Where Christian churches, other religions stand on gay marriage
In the last two decades, several religious groups have moved to allow same-sex couples to marry within their traditions.
Pope Francis’ popularity extends beyond Catholics
Seven-in-ten Americans rate him favorably, including two-thirds of those with no religious affiliation, a Pew Research Center poll finds.
Americans are still divided on why people are gay
Four-in-ten Americans said being gay or lesbian is “just the way some choose to live,” while a similar share said that “people are born gay or lesbian.”
Q/A: How Pew Research measures global restrictions on religion
We sat down with researcher Peter Henne to learn more about the complex process of measuring global religious restrictions.
Almost all U.S. presidents have been Christians
Most of the U.S. presidents have been openly religious, with many belonging to some of the country’s most prominent Protestant denominations. The next largest group of presidents were affiliated with the Presbyterian Church.
On Darwin Day, 5 facts about the evolution debate
Here are five facts about the public’s views on evolution and other aspects of the human origins debate in the U. S. and elsewhere.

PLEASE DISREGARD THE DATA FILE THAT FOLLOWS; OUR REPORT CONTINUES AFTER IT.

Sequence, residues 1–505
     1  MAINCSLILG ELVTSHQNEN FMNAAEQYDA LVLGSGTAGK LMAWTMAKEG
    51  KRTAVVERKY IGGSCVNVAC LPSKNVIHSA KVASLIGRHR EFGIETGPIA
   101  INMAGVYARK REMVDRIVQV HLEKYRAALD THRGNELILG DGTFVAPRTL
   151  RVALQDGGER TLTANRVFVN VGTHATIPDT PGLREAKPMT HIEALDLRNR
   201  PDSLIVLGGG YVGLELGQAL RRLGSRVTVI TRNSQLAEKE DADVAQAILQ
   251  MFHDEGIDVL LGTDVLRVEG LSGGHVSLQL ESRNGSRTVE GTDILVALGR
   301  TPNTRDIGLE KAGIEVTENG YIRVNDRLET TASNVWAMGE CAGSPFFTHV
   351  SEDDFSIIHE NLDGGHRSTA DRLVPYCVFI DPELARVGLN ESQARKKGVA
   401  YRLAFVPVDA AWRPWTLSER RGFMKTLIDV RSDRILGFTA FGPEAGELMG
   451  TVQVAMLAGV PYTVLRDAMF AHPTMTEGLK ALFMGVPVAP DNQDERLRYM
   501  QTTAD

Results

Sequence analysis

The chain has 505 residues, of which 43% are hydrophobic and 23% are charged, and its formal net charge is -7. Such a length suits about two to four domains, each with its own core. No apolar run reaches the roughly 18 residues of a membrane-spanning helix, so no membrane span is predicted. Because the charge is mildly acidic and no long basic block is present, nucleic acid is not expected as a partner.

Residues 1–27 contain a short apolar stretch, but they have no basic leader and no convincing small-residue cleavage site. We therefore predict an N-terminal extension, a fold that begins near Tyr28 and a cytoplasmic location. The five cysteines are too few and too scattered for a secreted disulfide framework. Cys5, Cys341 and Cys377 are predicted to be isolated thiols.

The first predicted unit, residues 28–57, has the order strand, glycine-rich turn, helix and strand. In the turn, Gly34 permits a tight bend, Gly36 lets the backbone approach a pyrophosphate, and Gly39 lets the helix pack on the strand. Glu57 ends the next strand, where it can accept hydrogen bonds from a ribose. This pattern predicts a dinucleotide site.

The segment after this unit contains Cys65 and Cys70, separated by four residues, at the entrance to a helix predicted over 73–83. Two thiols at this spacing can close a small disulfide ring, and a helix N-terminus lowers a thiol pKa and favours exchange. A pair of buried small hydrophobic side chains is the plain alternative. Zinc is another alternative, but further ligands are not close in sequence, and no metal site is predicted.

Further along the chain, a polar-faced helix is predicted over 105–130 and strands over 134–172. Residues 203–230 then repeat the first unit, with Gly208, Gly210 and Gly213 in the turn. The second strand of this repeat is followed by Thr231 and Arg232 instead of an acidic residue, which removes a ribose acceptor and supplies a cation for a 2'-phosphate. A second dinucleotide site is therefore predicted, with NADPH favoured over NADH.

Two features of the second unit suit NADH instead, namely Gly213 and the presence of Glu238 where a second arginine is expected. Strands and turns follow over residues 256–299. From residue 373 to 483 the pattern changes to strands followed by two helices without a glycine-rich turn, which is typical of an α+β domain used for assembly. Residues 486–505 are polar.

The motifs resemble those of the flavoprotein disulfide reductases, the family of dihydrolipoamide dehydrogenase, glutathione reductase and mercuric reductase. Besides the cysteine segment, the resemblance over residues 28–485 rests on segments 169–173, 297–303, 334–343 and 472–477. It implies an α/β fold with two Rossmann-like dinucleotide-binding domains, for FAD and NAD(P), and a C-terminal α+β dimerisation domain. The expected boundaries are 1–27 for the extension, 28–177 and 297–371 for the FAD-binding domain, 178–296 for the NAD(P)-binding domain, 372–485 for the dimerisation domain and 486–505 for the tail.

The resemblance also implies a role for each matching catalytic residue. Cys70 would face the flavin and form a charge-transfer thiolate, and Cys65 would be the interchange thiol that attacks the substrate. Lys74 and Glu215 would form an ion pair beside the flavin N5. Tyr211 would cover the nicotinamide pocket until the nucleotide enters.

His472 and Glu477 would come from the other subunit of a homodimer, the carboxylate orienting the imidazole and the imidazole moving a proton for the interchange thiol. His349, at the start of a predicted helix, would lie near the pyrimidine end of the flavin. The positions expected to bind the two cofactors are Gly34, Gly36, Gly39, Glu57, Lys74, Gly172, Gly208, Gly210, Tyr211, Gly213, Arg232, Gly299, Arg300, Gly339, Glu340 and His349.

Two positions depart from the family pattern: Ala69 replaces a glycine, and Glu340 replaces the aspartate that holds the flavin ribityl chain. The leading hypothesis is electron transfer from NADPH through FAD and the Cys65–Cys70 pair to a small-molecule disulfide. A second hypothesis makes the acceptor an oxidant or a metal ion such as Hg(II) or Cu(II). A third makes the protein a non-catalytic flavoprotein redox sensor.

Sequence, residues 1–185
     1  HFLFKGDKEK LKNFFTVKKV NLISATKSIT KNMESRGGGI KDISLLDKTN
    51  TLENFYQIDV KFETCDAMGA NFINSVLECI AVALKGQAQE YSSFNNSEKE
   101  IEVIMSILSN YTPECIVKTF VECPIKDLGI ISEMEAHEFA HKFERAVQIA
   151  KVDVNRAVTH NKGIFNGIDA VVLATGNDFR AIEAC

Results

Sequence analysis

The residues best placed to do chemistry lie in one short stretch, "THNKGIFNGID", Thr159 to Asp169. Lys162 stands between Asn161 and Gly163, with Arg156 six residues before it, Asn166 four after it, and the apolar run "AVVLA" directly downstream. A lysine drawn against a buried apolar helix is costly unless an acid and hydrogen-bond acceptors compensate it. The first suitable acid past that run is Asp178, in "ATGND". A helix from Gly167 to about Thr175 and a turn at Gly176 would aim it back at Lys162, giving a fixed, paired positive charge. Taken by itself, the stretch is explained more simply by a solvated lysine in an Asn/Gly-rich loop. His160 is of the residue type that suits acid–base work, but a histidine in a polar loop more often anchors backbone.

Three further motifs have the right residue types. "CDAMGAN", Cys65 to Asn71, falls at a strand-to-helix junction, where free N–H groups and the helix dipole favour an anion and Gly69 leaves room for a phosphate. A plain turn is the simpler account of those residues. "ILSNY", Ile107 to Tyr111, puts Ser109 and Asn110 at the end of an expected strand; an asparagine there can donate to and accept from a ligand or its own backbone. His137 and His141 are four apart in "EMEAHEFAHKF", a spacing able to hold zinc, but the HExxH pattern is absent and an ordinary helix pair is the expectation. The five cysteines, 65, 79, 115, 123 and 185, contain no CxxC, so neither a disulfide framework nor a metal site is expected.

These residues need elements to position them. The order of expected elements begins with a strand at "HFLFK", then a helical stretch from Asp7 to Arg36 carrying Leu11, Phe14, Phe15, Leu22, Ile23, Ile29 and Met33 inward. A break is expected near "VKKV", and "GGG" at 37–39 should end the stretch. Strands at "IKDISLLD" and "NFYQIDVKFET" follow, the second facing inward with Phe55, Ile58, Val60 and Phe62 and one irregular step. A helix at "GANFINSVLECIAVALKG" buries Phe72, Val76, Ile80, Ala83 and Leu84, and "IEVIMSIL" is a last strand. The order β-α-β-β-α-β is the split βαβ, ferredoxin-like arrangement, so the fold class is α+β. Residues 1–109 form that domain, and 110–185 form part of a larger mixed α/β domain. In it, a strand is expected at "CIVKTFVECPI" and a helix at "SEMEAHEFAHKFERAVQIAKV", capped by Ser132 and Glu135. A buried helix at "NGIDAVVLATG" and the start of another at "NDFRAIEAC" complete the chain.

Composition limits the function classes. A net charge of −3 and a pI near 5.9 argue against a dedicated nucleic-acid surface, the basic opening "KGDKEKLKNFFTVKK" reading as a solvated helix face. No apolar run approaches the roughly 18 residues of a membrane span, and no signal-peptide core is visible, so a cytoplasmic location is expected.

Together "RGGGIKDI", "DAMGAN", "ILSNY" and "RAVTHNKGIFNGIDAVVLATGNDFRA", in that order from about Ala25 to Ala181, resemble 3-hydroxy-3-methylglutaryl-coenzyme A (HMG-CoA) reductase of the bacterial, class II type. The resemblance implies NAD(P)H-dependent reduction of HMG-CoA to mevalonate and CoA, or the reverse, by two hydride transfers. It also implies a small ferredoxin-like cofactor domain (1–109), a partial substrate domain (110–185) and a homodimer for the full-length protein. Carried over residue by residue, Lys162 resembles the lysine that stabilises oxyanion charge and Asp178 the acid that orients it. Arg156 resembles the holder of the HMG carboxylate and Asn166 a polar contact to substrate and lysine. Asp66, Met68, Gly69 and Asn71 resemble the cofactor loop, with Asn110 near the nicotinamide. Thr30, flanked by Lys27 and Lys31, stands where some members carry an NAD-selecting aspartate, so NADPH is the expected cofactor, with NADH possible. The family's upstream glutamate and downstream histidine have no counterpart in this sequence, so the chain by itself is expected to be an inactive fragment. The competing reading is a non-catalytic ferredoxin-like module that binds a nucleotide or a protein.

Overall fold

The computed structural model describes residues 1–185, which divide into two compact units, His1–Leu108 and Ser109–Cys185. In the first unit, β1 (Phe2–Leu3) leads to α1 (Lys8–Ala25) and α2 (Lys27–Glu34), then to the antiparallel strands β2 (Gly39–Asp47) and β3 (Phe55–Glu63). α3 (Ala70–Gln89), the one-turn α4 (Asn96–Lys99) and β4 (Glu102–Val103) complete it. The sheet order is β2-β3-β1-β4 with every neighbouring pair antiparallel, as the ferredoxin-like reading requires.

2015 is shaping up to be a significant year for religion at the Supreme Court
Here’s a rundown of the Supreme Court’s busy docket, which includes cases on the ACA’s contraception mandate, religion in the workplace, same-sex marriage and the death penalty.
Religious conversion in Latin America: How we surveyed people on their beliefs
Pew Research Center’s survey in 18 Latin American countries and Puerto Rico found that many Latin Americans are leaving Catholicism and joining evangelical Protestant churches. We sat down with senior researcher Neha Sahgal to see how these conclusions were reached.
Conflicts continue over nativity scenes on public property
Most Americans favor allowing religious displays like nativity scenes to be placed on government property.
Why has Pentecostalism grown so dramatically in Latin America?
Tens of millions of Latin Americans have left the Roman Catholic Church in recent decades and embraced Pentecostal Christianity.